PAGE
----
I won’t hang around, old pal – recite
a time-worn prayer; join with officers
and comrades all, to weep, dry-eyed,
at your grave; justify a war
you never believed in.
“I ask you. What finer way to die
than as a hero?
Rest in peace – he who gave his life
for queen and country.
Our hearts, go out, of course,
to his wife and family.”
Soft-hearted sod that he was; blown to bits
by a crippled, basket-laden donkey
and tear-filled, innocent eyes...
So, if it’s OK with you, I’m out of here.
Sure to find you by the bookstall
at Old Street Station, or in the queue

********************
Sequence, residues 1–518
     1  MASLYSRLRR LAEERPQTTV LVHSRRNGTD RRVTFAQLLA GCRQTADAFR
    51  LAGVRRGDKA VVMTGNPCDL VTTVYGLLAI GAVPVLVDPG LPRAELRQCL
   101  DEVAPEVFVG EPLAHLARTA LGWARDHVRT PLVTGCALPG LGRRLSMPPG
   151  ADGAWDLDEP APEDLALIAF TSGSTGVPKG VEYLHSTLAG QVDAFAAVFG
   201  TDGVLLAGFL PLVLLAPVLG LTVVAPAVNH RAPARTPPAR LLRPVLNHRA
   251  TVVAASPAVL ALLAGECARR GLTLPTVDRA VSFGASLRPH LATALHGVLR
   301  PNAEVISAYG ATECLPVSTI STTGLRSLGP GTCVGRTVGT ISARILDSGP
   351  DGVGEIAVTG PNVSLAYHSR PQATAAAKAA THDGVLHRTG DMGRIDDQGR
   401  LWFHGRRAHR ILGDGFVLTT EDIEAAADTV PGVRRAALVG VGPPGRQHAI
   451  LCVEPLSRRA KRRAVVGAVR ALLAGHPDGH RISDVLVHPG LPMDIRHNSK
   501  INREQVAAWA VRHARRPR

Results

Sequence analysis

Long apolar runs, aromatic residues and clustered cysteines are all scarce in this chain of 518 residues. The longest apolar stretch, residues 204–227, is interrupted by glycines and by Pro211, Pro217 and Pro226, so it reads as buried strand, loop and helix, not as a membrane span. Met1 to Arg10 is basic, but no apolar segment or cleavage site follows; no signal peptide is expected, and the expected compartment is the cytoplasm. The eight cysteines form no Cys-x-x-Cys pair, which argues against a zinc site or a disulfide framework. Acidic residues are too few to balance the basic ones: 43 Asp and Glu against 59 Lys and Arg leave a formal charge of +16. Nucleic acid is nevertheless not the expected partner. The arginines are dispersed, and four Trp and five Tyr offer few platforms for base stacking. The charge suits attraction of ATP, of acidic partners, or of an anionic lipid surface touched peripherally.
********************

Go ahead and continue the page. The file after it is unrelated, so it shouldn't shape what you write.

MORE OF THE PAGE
for whatever’s on at the Adelphi.
Failing that, I’ll grab a coffee
and a sandwich, at the café
on the corner by the news-stand.
Bound to catch you there.
Boyish grin – corkscrew hair;
mirrored in the window... the more I stare.
Forgive me, if I decline to do
what protocol dictates, discharge
my mandatory duty; throw rosebuds
on your flag-draped coffin.
No disrespect intended...
Because, from this garden of stone,
you are long-since flown; to the place
we’d fish in the lee of the willow;
no sound, save the swish of eucalyptus.
And the cicada’s tympani
sounds its sad, sweet elegy
by the bend on Muddy River.